Home » eCommerce Blogs » B2B Portal Blogs » B2B Portal Case Study

B2B Portals Case Study:

Building a B2B web portal

eCommerce Development b2b portal
John O'rourke

10 Minute read September 2021

Table of Contents

b2b portal

About the Client

A UK-based manufacturer of bespoke plastic packaging, with factories in the North West and China, around 40 employees and a turnover of around £25m.

The Problem

To keep their large corporate customers in an ever more competitive market, our client realised that technology could help sell their plastic packaging products more effectively. With this in mind, they had to find a way to create a quicker, easier experience for customers, and also for staff. To make it even harder, their brand new stock control system did not have a built in ability to connect to a website.

The challenge: reduce manual work for the sales team, and provide customers with a simpler, quicker ordering experience.

The Solution

To design and build a portal that automatically pulls in product, customer and order data from the in-house system. It allows staff to decide which customers are given access, and which products they can see. Customers can quickly place orders which are automatically downloaded into the stock control system.


Maintenance Cost of £0
Orders Worth Over £10 million

Within a year, our client was able to have their flagship customers using the system, placing orders worth over £10m using the new system. Within three years the majority of their sales went through the system, and it had been enhanced to include new “user stories” that were based on the real experience of using the system. Over time, with ongoing work done in the right way, the stability of the system became so good that the maintenance costs became almost zero.

The Process

The Discovery Process

The first step is always discovery – we find out the details about what is needed, and what is possible. We interviewed staff, customers and the management team to understand what would provide the most value. Value can be in various forms, such as saving staff time or making complex processes less error-prone. In this case, the value was in saving sales staff time dealing with queries about orders, and saving admin staff time in keying in those orders. We also discovered that the larger customers had specific needs of their own, such as limiting the number of pallets of goods being delivered to certain addresses.

During the discovery process, we created a large set of “user stories” – short descriptions of an outcome that someone wants, like “I need to see the current stock level of my products”. A technical architect (someone who understands the business, the staff, and the technical elements) can then turn these user stories into “technical stories”, which are a more detailed description of what the software needs to do.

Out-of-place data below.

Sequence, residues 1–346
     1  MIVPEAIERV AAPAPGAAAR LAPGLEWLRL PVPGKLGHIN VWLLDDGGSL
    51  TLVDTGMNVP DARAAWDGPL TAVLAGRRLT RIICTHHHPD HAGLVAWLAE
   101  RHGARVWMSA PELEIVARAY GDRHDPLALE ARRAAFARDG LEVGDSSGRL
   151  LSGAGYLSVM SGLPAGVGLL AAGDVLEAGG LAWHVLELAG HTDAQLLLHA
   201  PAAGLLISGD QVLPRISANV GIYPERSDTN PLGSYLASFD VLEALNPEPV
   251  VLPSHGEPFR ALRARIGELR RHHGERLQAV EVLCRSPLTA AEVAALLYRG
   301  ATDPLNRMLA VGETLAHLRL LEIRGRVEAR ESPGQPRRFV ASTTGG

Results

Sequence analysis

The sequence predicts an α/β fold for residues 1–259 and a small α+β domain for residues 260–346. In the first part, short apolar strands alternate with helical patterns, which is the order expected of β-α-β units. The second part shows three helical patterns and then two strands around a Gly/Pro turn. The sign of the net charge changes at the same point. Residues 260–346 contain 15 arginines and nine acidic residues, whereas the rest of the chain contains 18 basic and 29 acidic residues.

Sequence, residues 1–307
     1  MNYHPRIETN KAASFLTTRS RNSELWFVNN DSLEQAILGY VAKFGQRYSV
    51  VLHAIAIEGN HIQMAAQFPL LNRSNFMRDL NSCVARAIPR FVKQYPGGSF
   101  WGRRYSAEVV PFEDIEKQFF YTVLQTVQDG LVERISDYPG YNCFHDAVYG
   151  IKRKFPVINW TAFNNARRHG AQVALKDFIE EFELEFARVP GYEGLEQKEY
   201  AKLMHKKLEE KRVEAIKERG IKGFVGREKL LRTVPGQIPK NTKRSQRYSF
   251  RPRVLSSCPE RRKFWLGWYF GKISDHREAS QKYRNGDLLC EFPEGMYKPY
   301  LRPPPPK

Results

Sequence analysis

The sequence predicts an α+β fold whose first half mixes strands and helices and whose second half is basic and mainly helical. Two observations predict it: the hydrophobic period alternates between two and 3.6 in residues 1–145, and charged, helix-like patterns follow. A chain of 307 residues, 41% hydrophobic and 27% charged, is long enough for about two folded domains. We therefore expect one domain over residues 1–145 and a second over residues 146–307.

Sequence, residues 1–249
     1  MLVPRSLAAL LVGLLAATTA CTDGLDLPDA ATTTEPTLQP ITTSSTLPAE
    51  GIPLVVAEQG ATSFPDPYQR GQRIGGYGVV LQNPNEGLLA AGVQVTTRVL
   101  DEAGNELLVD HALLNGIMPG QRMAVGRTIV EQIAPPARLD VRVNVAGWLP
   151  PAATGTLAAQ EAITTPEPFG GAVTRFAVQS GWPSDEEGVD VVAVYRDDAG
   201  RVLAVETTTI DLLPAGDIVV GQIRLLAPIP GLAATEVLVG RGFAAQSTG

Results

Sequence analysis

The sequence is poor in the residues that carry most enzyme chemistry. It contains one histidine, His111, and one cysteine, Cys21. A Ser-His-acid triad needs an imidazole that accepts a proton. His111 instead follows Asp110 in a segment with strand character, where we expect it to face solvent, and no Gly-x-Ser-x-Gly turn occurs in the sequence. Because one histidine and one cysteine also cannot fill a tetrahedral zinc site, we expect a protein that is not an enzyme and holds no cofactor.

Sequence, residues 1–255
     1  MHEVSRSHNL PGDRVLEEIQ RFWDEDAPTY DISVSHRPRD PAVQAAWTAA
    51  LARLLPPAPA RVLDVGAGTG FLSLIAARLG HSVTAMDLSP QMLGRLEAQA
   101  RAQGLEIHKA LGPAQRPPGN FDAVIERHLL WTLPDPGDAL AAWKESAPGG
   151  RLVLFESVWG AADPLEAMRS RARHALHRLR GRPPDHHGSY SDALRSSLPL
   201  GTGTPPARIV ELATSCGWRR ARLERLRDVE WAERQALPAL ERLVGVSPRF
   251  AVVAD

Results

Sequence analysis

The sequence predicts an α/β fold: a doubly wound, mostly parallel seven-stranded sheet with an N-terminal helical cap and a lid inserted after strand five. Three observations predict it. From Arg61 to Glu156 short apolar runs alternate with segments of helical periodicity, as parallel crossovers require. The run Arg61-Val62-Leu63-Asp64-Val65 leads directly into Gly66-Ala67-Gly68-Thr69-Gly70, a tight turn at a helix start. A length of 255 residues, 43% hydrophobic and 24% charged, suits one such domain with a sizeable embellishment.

We produced a list of over 50 stories including requirements from the warehouse, the end customers, and the sales team, and split the work into 6 phases. By splitting up the work, it allowed the project to produce its first usable version within a few months, and then add further features based on that experience.

Building the Solution

At this stage, we had enough information and understanding to put prices on the first few months of work, and decide who needs to be involved in delivering the project. It’s important to recognise that larger projects can’t be fully priced, and a good agency will provide a price range, or indicative pricing, which can be adjusted later.

We then started building the system. It’s important to think about how the business can continue its day to day operations during this time, and in this case we needed to use a lot of the IT staff time to help connect the stock control system with the website. That had an impact on their ability to provide day to day support for the other staff, so we had to find a balance and manage everybody’s expectations around that.

Involve Everybody in Testing

Once the work is ready to test, everybody gets involved – for example, the management team may need to see the types of report that are produced, and the warehouse staff might need to see certain information on the sales orders. It’s really important at this stage to get everybody’s input, and really understand how the new system fits into their existing roles.

Launching the new System

In the next step, when the system is ready to be used, a process for migrating data from the old to the new system must be created, and tested – in this case, the website was new and so there was no old data to be migrated. Your data is one of the most valuable assets your business owns, so it’s important to know where it all is, and how it is secured.

Support and Maintenance

Finally, any technical system needs to be looked after. Software has “wear and tear” just like a car, so things need to be maintained or replaced over time. We use our past experience to estimate what is required – using the car example, we can judge whether the tyres will need replacing every 6 months or every 3 years, and price your maintenance accordingly. A well designed and built system will have lower maintenance and support costs, and allow you to grow – adding more customers, new features, and more value.

Would You like Some Expert Advice?

Contact Us
John Software Developer
Connect with Managing Director John